Wednesday, 9 August 2017

What do we know – about the Mos?

There are roads named after what had been a well-known aircraft; there's a sculpture of the founder of the factory which built them, Sir Geoffrey de Havilland, and there are static examples of probably the most famous of the Hatfield aircraft factory's models, the DH98 Mosquito, in the museums at Hendon and Duxford, and locally at the de Havilland Aircraft Museum near London Colney.

For all that, we have, for the most part, a forgotten memory of the former de Havilland Aircraft factory in Hatfield.  Homes, a university campus, businesses and a police station stand on the site and part of the runway.

As to the aircraft themselves there are confusions.  We are reminded every time we pass the Ramada Hotel at one end of Comet Way, that the Comet which gave the hotel its original name was not the post-war fine passenger aircraft which came from this factory, but the pre-war Comet Racer, build especially for international competition.  A red-painted model of it still stands on its column at the front of the Hotel.

Then, if we ask anyone to name a well-known World War Two aircraft, the only name in town is the Supermarine-manufactured and Mitchell-designed Spitfire.  That had came into production before the 'Mos' and over half of its production of 20,000 units came from Castle Bromwich.  It was devised as a fighter and for photo-reconnaissance, though was adapted for other roles too.  It achieved top operational speeds up to 380mph, and even today it is not unusual to see 'Spits' flying overhead at shows and in movies.

By contrast, the Mosquito came on stream in 1940, around 4,800 of the production of 7,700 were made at Hatfield or Leavesden.  It was very light, had a top operational speed of 400mph and was adapted to almost every role a light aircraft was required to undertake.  Oh, and its unique characteristic was its construction material: wood, taking advantage of readily available raw material from the Chilterns and large numbers of experienced furniture makers.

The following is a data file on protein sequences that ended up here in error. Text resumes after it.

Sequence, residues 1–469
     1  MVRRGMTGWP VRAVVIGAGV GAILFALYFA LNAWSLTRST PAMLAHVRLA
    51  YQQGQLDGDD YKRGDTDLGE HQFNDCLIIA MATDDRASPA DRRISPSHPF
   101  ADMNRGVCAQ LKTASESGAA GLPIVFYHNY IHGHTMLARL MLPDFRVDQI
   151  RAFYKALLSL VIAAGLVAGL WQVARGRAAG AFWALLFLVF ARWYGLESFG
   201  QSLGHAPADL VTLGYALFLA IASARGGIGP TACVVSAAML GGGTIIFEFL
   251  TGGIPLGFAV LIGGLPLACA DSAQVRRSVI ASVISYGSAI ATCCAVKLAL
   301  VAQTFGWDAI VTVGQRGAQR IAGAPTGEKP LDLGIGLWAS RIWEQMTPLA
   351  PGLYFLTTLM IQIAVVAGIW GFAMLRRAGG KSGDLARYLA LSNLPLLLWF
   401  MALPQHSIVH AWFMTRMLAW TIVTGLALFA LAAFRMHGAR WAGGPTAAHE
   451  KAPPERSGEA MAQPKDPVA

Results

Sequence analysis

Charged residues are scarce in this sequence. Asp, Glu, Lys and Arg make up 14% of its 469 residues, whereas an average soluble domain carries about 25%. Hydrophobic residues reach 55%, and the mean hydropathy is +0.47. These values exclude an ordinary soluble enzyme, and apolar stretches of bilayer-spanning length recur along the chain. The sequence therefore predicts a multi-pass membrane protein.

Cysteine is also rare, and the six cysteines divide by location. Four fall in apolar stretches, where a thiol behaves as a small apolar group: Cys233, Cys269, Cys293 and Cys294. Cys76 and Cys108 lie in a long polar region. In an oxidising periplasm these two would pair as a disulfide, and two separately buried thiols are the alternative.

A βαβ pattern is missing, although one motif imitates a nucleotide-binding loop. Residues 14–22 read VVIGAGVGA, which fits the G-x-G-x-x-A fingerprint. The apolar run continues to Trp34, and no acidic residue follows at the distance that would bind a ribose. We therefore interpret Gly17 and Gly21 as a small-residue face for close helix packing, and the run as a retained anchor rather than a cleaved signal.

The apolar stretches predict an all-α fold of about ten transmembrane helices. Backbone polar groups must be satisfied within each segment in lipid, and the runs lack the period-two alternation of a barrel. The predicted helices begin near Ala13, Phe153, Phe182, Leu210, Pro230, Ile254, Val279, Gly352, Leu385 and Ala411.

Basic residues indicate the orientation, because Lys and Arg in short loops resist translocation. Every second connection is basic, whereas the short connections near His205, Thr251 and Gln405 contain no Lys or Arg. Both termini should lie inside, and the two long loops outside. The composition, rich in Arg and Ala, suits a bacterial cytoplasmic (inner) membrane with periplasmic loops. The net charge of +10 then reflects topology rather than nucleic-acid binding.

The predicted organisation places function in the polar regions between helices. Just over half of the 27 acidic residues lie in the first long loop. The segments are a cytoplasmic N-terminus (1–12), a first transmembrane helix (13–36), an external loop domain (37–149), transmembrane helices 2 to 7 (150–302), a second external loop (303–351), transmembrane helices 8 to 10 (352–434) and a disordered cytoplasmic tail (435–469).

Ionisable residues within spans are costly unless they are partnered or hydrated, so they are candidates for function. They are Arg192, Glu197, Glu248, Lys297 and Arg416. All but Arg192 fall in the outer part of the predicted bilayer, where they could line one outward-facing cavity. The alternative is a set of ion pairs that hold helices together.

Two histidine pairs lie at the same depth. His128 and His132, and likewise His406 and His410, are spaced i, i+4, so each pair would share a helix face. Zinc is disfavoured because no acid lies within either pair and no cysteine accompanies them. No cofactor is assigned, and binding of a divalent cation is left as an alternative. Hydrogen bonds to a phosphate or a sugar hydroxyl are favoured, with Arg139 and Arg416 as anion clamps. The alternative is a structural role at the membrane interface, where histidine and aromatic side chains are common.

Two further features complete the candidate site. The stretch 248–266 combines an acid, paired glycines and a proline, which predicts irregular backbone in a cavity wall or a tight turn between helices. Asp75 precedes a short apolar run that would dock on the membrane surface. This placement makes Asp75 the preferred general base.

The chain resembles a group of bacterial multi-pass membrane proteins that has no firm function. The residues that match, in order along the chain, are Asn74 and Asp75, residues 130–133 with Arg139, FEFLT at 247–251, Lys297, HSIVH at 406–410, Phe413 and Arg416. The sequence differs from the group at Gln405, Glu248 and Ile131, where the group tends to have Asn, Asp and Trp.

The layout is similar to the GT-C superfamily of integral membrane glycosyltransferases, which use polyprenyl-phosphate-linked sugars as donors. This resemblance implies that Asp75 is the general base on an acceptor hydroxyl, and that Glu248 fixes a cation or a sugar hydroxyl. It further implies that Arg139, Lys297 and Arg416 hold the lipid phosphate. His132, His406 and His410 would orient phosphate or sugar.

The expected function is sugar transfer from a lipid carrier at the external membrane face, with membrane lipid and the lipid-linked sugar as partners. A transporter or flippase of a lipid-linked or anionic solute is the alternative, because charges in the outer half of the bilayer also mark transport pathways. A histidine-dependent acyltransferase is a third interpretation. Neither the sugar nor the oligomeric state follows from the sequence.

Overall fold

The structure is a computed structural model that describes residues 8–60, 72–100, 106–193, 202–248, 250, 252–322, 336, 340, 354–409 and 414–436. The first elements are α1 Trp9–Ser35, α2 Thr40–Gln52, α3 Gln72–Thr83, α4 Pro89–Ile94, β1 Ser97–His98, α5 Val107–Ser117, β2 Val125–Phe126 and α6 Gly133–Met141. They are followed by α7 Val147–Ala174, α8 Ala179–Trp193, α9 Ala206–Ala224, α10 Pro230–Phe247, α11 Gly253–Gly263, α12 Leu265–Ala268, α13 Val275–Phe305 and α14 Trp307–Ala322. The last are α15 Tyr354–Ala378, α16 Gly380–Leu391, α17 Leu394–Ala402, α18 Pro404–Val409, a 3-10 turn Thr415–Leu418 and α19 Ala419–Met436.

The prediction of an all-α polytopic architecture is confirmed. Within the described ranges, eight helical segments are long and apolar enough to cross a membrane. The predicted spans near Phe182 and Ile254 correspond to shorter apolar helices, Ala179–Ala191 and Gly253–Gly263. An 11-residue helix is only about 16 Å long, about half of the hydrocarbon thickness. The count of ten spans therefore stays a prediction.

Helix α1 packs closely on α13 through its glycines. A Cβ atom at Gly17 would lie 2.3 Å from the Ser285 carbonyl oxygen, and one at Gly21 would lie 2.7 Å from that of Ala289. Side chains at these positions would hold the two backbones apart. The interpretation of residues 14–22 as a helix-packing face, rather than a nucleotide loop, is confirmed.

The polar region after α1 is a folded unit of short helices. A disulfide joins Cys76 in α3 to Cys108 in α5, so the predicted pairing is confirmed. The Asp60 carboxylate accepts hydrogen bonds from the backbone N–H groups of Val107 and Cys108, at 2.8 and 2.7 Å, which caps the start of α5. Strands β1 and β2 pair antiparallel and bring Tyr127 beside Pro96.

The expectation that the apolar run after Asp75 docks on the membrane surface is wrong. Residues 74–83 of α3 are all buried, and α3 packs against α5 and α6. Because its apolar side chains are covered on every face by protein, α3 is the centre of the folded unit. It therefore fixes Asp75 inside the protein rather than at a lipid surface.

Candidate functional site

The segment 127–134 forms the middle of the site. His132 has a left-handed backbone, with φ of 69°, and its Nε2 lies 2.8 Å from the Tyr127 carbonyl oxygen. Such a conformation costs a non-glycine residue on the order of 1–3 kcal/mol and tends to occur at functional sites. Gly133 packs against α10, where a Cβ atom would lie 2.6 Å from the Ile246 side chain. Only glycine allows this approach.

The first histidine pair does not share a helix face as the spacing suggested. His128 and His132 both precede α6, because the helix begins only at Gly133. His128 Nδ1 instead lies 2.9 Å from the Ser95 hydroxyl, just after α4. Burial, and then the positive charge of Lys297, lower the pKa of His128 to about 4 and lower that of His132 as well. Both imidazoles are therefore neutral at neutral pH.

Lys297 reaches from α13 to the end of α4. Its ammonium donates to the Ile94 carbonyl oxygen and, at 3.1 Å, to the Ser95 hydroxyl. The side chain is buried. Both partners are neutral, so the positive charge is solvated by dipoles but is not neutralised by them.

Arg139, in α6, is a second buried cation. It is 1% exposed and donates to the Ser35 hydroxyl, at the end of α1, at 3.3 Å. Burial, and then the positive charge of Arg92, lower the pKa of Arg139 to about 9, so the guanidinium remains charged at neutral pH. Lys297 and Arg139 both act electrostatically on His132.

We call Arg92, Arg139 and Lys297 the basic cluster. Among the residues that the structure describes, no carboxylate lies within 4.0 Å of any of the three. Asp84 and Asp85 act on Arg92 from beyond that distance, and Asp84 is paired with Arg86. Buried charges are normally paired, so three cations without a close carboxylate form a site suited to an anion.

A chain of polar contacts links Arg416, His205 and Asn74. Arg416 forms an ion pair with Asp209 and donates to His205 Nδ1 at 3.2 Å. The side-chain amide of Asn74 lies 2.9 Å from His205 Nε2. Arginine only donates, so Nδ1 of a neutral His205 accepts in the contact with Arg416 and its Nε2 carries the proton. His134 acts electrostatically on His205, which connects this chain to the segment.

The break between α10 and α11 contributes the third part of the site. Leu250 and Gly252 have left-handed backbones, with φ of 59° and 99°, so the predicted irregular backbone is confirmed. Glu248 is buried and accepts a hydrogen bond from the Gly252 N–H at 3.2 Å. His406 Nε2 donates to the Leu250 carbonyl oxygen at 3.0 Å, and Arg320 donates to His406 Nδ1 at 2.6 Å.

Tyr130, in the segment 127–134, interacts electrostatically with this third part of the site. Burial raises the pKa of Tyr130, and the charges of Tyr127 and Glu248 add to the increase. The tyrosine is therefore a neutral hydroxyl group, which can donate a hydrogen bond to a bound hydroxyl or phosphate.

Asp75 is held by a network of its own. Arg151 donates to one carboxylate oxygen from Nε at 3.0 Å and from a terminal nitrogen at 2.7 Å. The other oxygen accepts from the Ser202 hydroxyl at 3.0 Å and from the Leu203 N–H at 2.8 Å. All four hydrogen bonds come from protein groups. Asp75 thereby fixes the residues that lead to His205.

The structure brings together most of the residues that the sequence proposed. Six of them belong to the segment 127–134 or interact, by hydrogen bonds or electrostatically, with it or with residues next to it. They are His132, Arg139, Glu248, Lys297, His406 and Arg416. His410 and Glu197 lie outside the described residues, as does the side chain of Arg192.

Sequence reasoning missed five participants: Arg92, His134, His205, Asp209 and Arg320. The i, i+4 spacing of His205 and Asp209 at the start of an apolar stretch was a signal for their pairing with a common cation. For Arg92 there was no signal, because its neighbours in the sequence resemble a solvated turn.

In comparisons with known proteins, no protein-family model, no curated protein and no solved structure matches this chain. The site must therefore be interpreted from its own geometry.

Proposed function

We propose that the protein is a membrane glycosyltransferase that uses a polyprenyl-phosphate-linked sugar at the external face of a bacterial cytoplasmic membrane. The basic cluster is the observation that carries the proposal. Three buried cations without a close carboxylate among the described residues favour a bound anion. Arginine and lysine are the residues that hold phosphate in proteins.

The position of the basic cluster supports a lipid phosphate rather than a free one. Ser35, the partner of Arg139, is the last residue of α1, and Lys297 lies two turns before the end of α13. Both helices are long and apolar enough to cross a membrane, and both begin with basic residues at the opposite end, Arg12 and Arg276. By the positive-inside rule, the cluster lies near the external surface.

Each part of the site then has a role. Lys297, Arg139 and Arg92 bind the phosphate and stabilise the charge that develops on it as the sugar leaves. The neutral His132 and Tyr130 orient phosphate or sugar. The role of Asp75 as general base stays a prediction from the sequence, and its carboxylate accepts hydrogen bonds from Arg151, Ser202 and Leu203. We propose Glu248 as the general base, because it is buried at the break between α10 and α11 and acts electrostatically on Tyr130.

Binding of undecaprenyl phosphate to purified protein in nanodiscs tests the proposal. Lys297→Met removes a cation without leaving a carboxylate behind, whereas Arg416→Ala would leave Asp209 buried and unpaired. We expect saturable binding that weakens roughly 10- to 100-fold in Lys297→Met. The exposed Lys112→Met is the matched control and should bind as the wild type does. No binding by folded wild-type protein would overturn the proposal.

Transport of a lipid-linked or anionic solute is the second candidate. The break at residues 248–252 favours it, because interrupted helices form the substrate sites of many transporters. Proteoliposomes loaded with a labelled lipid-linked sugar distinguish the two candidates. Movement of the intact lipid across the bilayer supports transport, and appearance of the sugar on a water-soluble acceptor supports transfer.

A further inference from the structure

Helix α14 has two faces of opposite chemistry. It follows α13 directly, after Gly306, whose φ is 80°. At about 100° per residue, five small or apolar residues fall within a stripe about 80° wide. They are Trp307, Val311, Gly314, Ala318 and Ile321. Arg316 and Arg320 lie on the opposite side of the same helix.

It is this feature of its construction which means its story and lasting memory is now more vaguely recalled.  You won't see the Wooden Wonder, as it came to be known, in the skies today.  The original planes could not survive the seventy years or so since they were made.  There is a restored flying 'Mos' in Canada, one in New Zealand, and that is about it.  So there is little to remind us – especially those of us who live near to the former seat of manufacture – so we let the Spitfire have its glory!

What a delightful surprise this week that a last-minute rescue of thousands of engineering drawings of the Mosquito took place at a redundant factory near Chester which had manufactured fewer than one hundred versions.  It is a miracle that so much fragile archival material came to lay untouched for so long and was finally identified by members of a project which aims to rebuild a Mosquito rescued after it crashed near Coltishall after the war.  This will not be a matter of cleaning it up and giving the remains a spit and polish.  Remember its unique quality: the Buckinghamshire wood, which made it cheaper to build and gave it such superior speed and manoeuvrability that it was considered superfluous to fit on-board guns.

For these two reasons alone, the Wooden Wonder was unique in military aircraft.  Even more important, therefore, that its story should now be better known, especially to all of us who today live here on the east side of St Albans and in Hatfield.  We will follow the promising People's Mosquito Project with interest, because its story began right here, on our doorstep.

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